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Your visit

Visiting people in hospital

Visiting our hospitals

We have introduced a visitors' code, making it clearer for visitors what they should do if friends and family are admitted to hospital.

The code outlines ten simple steps, aimed at keeping us all safe and helping patients rest and recover when in hospital.  These guidelines have been introduced in response to patient comments, local audit and national initiatives. Please follow this simple code when visiting friends or relatives, to help us make the hospital safer for us all.

We will always try to be flexible in difficult or unusual circumstances. Please speak to the nurse in charge if you have any problems or questions.

Visiting times

You can view the visiting times for each of our hospitals here.

On many of our wards there are protected meal times.  The aim of these is to make sure that patients can enjoy their meals undisturbed and to encourage patients to eat enough food to help with their recovery.

If visitors feel that they have a valid reason to visit outside of normal visiting hours then they should discuss this with the nurse in charge, giving prior notice whenever possible.  For example, if a relative or carer is assisting a patient with their meal, then they will normally be welcome to stay.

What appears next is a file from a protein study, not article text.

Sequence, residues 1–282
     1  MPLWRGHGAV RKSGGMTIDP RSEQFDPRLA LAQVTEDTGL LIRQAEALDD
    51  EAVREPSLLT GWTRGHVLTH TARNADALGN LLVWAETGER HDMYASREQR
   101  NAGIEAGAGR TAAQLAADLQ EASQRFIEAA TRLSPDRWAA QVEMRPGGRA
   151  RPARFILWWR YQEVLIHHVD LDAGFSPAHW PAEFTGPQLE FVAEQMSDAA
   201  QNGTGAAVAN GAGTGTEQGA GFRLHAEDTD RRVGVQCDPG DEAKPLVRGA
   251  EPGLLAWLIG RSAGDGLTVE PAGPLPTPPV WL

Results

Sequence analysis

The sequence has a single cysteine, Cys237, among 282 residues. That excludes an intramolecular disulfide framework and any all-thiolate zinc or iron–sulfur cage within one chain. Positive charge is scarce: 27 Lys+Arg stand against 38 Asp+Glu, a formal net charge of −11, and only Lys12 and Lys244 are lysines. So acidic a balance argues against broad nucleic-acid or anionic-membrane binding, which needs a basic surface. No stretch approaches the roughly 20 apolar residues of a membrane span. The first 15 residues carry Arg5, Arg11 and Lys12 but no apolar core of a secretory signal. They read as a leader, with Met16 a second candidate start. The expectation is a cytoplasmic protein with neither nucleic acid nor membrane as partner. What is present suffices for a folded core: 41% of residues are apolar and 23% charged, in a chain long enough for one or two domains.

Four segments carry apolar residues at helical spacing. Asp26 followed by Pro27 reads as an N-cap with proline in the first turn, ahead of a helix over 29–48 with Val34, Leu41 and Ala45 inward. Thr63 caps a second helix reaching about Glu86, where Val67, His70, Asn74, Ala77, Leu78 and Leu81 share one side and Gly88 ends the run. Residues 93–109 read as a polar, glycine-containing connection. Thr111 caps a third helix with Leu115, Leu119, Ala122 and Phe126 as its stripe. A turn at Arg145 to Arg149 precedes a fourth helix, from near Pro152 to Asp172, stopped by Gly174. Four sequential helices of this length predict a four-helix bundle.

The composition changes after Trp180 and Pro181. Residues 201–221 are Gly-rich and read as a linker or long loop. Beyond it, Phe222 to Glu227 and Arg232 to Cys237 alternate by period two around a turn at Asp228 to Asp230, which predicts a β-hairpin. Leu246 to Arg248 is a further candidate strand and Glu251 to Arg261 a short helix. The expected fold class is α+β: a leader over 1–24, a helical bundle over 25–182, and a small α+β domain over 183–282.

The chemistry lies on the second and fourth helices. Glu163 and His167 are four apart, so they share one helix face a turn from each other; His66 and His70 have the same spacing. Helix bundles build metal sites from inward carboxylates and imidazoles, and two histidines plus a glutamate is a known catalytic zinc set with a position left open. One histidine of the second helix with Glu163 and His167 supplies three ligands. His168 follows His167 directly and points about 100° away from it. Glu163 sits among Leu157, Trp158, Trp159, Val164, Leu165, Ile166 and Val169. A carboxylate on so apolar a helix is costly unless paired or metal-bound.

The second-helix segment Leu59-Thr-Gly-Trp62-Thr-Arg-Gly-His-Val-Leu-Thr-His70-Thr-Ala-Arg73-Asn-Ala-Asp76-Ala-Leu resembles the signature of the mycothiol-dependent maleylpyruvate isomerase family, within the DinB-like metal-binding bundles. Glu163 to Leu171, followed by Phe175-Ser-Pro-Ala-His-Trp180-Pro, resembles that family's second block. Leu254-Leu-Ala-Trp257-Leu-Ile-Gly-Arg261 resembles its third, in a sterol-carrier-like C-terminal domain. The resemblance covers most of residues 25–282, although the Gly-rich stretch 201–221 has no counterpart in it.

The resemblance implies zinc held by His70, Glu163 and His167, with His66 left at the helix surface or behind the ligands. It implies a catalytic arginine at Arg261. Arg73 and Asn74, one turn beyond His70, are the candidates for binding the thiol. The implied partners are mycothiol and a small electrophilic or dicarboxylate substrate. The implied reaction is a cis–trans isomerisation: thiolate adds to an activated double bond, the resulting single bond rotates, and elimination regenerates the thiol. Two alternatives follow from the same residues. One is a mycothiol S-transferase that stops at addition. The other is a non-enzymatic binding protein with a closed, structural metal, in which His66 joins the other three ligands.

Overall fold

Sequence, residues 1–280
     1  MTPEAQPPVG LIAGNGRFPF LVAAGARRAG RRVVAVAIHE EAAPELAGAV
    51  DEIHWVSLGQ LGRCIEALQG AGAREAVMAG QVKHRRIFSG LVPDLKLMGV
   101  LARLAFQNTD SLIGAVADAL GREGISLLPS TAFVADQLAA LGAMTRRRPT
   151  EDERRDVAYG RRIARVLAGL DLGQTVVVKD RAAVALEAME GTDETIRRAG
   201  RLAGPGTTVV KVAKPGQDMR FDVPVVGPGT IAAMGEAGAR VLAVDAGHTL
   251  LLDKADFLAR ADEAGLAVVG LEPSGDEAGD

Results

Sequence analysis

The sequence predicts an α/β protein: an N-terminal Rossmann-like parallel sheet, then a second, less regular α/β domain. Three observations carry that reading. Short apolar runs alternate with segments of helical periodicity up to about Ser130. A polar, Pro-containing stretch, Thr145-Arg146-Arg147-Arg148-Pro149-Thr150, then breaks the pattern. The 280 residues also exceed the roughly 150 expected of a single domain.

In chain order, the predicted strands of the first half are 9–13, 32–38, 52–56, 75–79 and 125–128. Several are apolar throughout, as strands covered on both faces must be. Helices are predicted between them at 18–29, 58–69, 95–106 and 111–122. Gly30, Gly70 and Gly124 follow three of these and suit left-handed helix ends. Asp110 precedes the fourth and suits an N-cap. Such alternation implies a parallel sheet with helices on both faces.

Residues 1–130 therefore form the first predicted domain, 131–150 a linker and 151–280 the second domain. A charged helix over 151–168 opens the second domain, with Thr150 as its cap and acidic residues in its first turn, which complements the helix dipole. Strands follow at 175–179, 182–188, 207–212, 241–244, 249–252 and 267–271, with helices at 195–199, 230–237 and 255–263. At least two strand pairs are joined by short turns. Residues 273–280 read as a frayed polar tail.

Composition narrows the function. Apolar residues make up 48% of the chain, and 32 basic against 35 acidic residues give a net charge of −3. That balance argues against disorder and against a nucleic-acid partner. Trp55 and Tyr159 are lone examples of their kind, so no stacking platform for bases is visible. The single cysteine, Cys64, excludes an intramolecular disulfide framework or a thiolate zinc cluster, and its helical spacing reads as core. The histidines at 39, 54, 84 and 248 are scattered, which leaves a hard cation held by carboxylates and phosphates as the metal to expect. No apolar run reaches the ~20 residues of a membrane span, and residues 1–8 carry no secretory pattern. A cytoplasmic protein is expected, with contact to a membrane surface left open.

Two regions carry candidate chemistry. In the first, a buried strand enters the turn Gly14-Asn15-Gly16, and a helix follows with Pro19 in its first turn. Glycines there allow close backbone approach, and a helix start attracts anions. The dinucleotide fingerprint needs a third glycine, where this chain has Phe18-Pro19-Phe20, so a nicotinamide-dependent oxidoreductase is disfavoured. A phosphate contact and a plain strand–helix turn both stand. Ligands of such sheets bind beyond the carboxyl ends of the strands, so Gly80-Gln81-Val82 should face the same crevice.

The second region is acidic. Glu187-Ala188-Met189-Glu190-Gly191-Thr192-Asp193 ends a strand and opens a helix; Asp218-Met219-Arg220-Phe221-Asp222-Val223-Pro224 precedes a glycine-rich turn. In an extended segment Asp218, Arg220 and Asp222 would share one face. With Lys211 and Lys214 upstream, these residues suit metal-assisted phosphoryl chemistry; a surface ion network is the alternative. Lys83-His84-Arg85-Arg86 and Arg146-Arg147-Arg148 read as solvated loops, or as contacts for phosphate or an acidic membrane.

Children under the age of 12 will be discouraged from visiting unless they are the child or the grandchild of the patient.  When children visit it is recommended their visits are limited to 30 minutes.  They must remain under direct supervision from family members at all times. However, it is recognised that children might be in the position of being a young carer for a relative. In these circumstances they may visit unsupervised and stay for the length of normal visiting.

Bringing food into hospital

We have an obligation to ensure that any foods brought into the hospitals are suitable and do not include any illicit or unauthorised items.  This helps us to prevent or reduce the risk of infection, food poisoning and food borne illnesses and unwanted interaction with prescribed medication.  We also have a legal obligation to ensure the health, safety and well-being of the patients who are allergy sufferers, are not comprised by people bringing in allergenic items onto the ward.

Guidelines to reduce the risk associated with food brought into the hospitals are below:

Permitted foods

Where a patient is not on a therapeutic diet

Prohibited foods

These foods CANNOT be brought in as they are high risk allergens or support the growth of pathogenic bacteria

Individual cartons / plastic bottles of fresh fruit juice and squashes

Peanuts, nuts, cereals and cereal bars

Pre-wrapped fresh & dried fruit

Cooked meat, raw meat and meat products.

Pre-wrapped chocolates or sweets

Fish paste and fish products eg sushi

Pre-wrapped biscuits, crackers and cakes (no fresh or artificial cream)

Fresh or synthetic cream or cream products e.g. mousse custards, yoghurts, cakes and ice cream

Individual packets of crisps, popcorn, pretzels

Pre-wrapped sandwiches (all fillings)

Preserves e.g. jam, marmalade, honey, marmite and bovril

Alcohol and all foods containing alcohol

Take-away meals

High risk food requiring refrigeration

Food requiring re-heating

All food is to be consumed within 24 hours.

For full details on information about bringing food into hospitals click here.